President Obama, in the Rose Garden with the American Nurses Association that endorsed his campaign in September, said downcast Democrats slogging through legislative thickets on the path to health care reform need a pep talk.
"We need to buck up people here," Obama said. "That's what nurses do. It's time for us to buck up the Congress. We need to get this done. These nurses are on board. The American people are on board. It's up to us now."
The is the second health care pep talk Obama's delivered in three days. The first came in all-Democrats meeting at the White House on Monday. The president told Democrats leading the relevant health committees to pick up the pace and pass bills out of the House and Senate before they leave for the August recess.
The problem for the White House runs deeper than typical legislative depression and self-doubt, even for the biggest combined Democratic congressional majorities since Lyndon Johnson's presidency.
Democrats can't agree on how to pay for health care reform. The House bill seeks $540 billion in taxes on couples earning more than $350,000 a year. But Speaker Pelosi conceded yesterday she doesn't have the votes -- yet -- to pass the House bill, calling it a draft proposal (the second so far).
There's another potential problem for the House bill. A preliminary Congressional Budget Office analysis says the number of uninsured will rise by one million each in the bill's first three years. The CBO also says full implementation will leave 17 million uninsured -- this at a projected cost of at least $1 trillion over 10 years. Also, 85 percent of those costs are compressed in the last five years as Democrats seek a gradual implementation of their public option, health care exchange and other system-wide alterations. These heavy costs on the second five years will inevitably raise fears the program should (some will argue likely) be more expensive than currently projected.
See full CBO preliminary analysis here. Click on the pdf: http://www.cbo.gov/ftpdocs/103xx/doc10310/06-15-HealthChoicesAct.pdf
In the Senate, the House bill is a dead letter. There is zero (or nearly zero) support for a surtax on the wealthy. Obama has had two opportunities to endorse it and passed both times. The Senate Finance Committee is scheduled to vote next week on taxes to pay for the Health, Education, Labor and Pension Committee's health reform bill (which passed on a party-line 13-10 vote today). But Finance does not have a taxation method politically palatable enough to survive a committee vote. Not yet at least.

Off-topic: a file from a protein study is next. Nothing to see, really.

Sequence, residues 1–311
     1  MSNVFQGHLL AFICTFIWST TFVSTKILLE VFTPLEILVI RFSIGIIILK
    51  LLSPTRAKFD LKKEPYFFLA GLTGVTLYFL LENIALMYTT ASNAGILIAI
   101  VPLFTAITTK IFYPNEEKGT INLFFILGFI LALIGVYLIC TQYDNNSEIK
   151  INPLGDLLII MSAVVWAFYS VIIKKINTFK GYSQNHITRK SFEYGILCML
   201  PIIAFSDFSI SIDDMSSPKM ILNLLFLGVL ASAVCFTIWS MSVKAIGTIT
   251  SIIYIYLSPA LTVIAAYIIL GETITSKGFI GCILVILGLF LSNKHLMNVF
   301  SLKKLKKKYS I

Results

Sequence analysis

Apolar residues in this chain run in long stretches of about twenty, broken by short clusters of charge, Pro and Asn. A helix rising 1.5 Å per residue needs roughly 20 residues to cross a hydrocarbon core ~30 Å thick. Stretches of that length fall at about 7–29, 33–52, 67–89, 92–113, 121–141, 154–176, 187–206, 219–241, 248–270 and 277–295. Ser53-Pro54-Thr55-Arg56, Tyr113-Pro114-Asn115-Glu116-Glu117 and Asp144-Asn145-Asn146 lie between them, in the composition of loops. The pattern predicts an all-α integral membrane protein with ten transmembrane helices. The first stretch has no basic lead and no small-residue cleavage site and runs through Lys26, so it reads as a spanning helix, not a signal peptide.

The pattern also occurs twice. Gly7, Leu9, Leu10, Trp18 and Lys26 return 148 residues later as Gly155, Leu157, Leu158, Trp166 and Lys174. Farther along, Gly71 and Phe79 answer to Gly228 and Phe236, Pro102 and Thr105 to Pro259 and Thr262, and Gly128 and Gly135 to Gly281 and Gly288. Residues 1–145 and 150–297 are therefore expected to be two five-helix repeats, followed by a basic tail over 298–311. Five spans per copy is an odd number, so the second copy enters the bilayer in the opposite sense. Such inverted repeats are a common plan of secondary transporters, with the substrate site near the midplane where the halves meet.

These problems have led the White House to step up the rhetorical fire against "cynics" and "naysayers" who it says oppose reform. Today, that meant criticizing insurance industry profits.
"Deferring reform is nothing more than defending the status quo," Obama said. "And those who would oppose our efforts should take a hard look at just what it is they're defending. Over the last decade, health insurance premiums have risen three times faster than wages."
White House ally, Sen. Charles Schumer of New York, held a parallel press conference to denounce health insurance industry profits. Schumer said the industry feeds off a lack of competition and pockets profits "that would be enough to make big oil executives blush."
Meanwhile, the Democratic National Committee began airing TV spots today - nationally and in the states of numerous Senate Democrats - that urge health care action (see early blog post for links).
Here are the Senate Democrats now being urged by the White House to get off the dime: Blanche Lincoln and Mark Pryor of Arkansas; Evan Bayh of Indiana; Bill Nelson of Florida; Mary Landrieu of Louisiana; Kent Conrad and Byron Dorgan of North Dakota; and Ben Nelson of Nebraksa.
The DNC ads are also running in Ohio, but that targeting appears aimed at Republican George Voinovich (the Buckeye state's junior senator, Sherrod Brown is already on board). The ad's presence in Maine is clearly directed at the two Republicans, Susan Collins and Olympia Snowe, both on the White House list of potential converts.
"This progress should make us hopeful," Obama said of the introduction of the House bill and the one-committee passage of health reform in the Seante. " But it shouldn't make us complacent."
Democrats are not so much complacent as they are conflicted about the range of benefits, the method of creating a so-called public option (pure government financed vs. private cooperative), the depth of proposed cost savings (Medicare vs. Medicaid vs. doctors), and how to pay for it (surtax on wealth vs. taxing health care benefits vs. reducing itemized deductions for the wealthy).
When Sen. Chris Dodd, Connecticut Democrat, opened up the committee's final vote on the health reform bill, he mentioned the historic proceedings that had occurred before in the Russell Caucus Room.
"I mentioned, in fact, the hearings on the examination of what happened to the Titanic, which is not maybe the best example to use considering the effort we're undertaking," Dodd said.
The cheap joke is obvious. The better and more balanced observation is the Titanic metaphor applies currently to the massive size of the legislative task before congressional Democrats. But unlike those who built the Titanic, the legislative engineers and designers are not working off the same blueprints. They're also trying to move much faster.
What this will do to the final product is unclear. What is certain is Democrats face weeks of confusion, frustration and political angst between now and the August recess.
That's why they needed to be "bucked up."